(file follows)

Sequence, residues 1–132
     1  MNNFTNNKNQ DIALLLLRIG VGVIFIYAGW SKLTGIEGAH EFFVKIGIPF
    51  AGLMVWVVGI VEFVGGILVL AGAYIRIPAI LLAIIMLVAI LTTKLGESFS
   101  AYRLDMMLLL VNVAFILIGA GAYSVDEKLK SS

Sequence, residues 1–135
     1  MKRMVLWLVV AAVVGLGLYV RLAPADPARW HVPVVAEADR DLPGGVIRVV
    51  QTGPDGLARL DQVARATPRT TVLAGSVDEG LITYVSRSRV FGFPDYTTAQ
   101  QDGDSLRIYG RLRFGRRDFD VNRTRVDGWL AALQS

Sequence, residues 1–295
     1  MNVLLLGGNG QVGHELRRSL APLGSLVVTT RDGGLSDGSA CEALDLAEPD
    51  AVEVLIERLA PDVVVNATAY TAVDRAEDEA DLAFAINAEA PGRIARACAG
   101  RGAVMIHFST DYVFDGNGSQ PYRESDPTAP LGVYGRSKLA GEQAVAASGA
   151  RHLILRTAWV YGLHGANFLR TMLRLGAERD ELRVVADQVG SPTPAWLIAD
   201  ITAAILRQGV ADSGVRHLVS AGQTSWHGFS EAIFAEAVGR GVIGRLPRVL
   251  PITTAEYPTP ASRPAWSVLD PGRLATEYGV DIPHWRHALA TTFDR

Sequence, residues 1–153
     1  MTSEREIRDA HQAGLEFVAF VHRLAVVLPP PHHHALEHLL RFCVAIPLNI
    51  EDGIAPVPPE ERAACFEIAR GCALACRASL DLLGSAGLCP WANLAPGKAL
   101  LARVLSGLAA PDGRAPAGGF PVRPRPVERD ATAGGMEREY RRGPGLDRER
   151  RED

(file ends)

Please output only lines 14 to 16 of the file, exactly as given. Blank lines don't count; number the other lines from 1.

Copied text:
   201  ITAAILRQGV ADSGVRHLVS AGQTSWHGFS EAIFAEAVGR GVIGRLPRVL
   251  PITTAEYPTP ASRPAWSVLD PGRLATEYGV DIPHWRHALA TTFDR

Sequence, residues 1–153